Intersession Intensive Classe: Doing One (AWESOME) Thing for a Week
Theodate Pope Riddle, the founder of Avon Old Farms, strongly believed in an approach to education that saw students working alongside their faculty mentors to produce their own meaningful work. Intersession honors that tradition by encouraging students and faculty alike to delve deeply into a single topic that interests them and to produce something tangible and valuable with their efforts. During the week, students and faculty devote all of their academic attention to one course; the course may explore a traditional academic topic in great detail, or it may focus on an area outside the traditional curriculum. The idea behind Intersession is to broaden the curriculum while creating opportunities for excursions, experiential learning, and interdisciplinary work. Beyond that, we hope that their experience in Intersession will influence how students and faculty approach their work in the traditional curriculum.
From examining politics and religion to changing a tire or cooking an Italian feast, our students took the first week of January to learn a little something that will serve them well in the future. Here’s what a few of our students had to say:
“I’ve learned about the interviewing process—what goes in to formulating good questions, how to listen, to take good notes,” said junior Shane Cooper, taking the Sports Journalism course with hopes of learning a bit more about sports. “I’ve also learned that journalism takes a lot of creativity and planning. I’ve enjoyed writing in a new way.”
The Sports Journalism course looked at the intricacies of media coverage in sports. They discussed everything from the style of writing, meeting immediate deadlines when it comes to covering live games, interviewing techniques, and the differences between print and digital media.
Cooper and about 20 others heard from big names in sports, including some words of advice from the Emmy-award-winning AOF parent and SportsCenter anchor John Anderson, longtime New York radio and TV personality and published author Ed Randall, sport radio's Chris Moore, owner of the Boston Red Sox John William Henry II, and many others.
Introduction to CAD and 3D Printing
Junior Matt Son signed up for the Introduction to CAD and 3D Printing Intersession course because he had never done anything like it before, but knew Avon now had 3-D printing courses available.
The purpose of this course was to introduce students to Computer Aid Design (CAD) through using a program also used by other industries and universities-AutoDesk Inventor. Each students worked on a computer and had the opportunity to 3D print their final projects. Students also used their newly-acquired skills to design and etch new trail signs for on-campus hiking paths.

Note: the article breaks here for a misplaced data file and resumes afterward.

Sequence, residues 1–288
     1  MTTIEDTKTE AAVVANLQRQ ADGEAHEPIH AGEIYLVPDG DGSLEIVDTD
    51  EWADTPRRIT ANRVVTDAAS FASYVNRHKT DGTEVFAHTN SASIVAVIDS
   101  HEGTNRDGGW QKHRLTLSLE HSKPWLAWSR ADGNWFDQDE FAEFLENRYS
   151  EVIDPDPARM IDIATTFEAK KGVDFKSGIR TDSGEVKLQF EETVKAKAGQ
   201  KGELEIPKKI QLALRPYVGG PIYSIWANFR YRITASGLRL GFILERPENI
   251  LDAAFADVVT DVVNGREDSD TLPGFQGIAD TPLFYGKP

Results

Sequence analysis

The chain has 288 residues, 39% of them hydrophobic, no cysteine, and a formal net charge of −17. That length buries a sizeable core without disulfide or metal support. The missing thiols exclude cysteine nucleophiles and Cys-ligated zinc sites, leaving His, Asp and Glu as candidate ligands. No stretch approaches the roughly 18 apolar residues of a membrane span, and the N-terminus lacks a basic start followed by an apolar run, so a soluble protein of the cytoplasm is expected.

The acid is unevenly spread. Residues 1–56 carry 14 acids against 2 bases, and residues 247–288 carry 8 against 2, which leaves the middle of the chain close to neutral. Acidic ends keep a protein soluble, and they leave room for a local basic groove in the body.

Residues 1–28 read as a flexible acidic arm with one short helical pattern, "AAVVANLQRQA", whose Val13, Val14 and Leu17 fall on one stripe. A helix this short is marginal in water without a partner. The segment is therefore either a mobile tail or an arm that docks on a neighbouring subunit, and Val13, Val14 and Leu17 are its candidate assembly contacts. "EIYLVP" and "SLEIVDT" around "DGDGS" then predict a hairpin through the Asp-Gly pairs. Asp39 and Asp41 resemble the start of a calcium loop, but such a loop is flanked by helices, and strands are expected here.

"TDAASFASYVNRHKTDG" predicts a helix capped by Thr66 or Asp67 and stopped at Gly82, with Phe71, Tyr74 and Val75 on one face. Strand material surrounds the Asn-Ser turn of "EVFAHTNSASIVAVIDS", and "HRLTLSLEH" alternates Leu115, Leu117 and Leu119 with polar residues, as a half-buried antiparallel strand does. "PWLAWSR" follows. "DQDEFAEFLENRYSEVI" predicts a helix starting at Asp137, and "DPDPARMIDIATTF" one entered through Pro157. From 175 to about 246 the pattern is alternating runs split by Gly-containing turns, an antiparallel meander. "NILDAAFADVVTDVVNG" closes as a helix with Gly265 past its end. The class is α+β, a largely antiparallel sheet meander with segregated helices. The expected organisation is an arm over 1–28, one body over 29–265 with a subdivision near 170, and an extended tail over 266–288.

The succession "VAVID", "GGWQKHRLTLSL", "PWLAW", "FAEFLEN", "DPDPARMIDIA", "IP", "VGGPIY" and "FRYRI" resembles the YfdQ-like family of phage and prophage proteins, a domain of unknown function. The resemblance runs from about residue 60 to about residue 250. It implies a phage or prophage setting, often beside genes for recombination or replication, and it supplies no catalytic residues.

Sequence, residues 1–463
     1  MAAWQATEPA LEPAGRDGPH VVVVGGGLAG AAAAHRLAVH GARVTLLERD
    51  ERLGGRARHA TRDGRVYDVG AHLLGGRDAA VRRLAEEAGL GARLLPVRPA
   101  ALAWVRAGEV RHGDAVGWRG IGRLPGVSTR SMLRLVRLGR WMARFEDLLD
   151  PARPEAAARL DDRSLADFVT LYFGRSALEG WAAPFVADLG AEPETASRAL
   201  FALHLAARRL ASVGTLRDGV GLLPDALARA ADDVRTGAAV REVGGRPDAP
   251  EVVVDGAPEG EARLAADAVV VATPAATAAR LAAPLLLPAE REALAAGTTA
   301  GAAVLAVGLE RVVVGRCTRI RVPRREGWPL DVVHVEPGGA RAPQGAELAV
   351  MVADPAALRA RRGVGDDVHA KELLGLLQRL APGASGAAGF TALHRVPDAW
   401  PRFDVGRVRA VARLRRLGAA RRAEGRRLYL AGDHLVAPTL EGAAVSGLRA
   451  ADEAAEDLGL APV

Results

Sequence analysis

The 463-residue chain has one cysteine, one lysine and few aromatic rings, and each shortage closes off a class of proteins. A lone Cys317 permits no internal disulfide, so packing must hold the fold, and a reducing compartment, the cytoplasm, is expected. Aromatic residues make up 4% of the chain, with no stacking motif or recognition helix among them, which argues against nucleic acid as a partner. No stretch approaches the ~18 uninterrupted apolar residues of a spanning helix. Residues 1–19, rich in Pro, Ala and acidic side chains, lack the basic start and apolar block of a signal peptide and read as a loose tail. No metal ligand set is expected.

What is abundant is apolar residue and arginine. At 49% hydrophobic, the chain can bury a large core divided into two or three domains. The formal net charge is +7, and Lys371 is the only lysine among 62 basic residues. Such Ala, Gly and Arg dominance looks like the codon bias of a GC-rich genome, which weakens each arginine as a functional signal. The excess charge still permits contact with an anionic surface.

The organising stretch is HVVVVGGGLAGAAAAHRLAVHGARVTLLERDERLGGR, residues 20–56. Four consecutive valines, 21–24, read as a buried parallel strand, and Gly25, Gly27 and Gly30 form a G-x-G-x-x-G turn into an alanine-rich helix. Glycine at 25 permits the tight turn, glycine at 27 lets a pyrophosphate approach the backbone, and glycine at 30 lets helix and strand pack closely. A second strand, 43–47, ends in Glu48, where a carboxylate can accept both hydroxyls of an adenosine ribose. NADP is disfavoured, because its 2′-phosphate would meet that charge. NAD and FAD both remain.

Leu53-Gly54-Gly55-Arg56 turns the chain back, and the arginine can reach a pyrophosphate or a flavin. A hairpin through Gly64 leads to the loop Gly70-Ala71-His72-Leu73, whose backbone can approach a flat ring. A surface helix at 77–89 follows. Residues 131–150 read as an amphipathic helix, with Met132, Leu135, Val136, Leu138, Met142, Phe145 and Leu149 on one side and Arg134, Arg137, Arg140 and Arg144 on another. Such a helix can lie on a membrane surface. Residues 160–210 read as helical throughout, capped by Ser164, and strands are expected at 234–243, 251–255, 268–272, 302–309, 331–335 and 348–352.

“This was a great introduction to 3D printing,” he said. “I was always interested in it, but now I am thinking that next year, I might sign up for the actual course to learn even more than we could in one week of intersession.”
Freshman Nathan Walters also signed up for the 3D printing course, and his first project ever was to print a new cap for his water bottle.
Sophomore Steven Hu hopes that he can apply the skills learned in the class to his work with the robotics team: “Instead of being limited by our budget to buy new parts we might need, we would be able to 3D print them using the resources we have right here on campus.”
Guided Tour of the Vietnam War
Sophomore Liam Curley signed up for the Guided Tour of the Vietnam War course with Major Bourgault so he could connect with something from the past:
“My grandfather fought in the Vietnam War,” he shared. “I wanted to learn more about it so I could have better conversations with him while he’s still around to share his memories with me.”
In the course, Major Bougault guided students in students understanding the underlying causes of the War and the United States’ involvement. The group also examined the international strategies and battlefield tactics employed by both sides and the lasting impact this war had on our nation and on the international community.
"What IS that?" Understanding Modern Art
Henry Culhane signed up for the "What IS that?" Understanding Modern Art course with hopes of gaining a new perspective.
“When we go to a museum and look at a piece of art, I’ve learned that we each can see something different,” he said. “We might pay attention to color vs. brushstroke, but we also might look at it from a different frame of mind. I think that has helped me gain an appreciation for how each of us is different, and how sharing that can be important.”
A day in the life of this class included looking at the most famous works of art of the 20th and 21st century, lively discussions, and field trips to New England’s finest museums.
“I love science and engineering, and looking at something in contrast to that has helped me understand that it is important to not shut out the arts all together,” said senior Matthew Lucente, also in the Understanding Modern Art course.
And in a very practical way, one sophomore shared that he signed up for the Model UN Intersession ‘so he could add it to his college applications.’ Fair.
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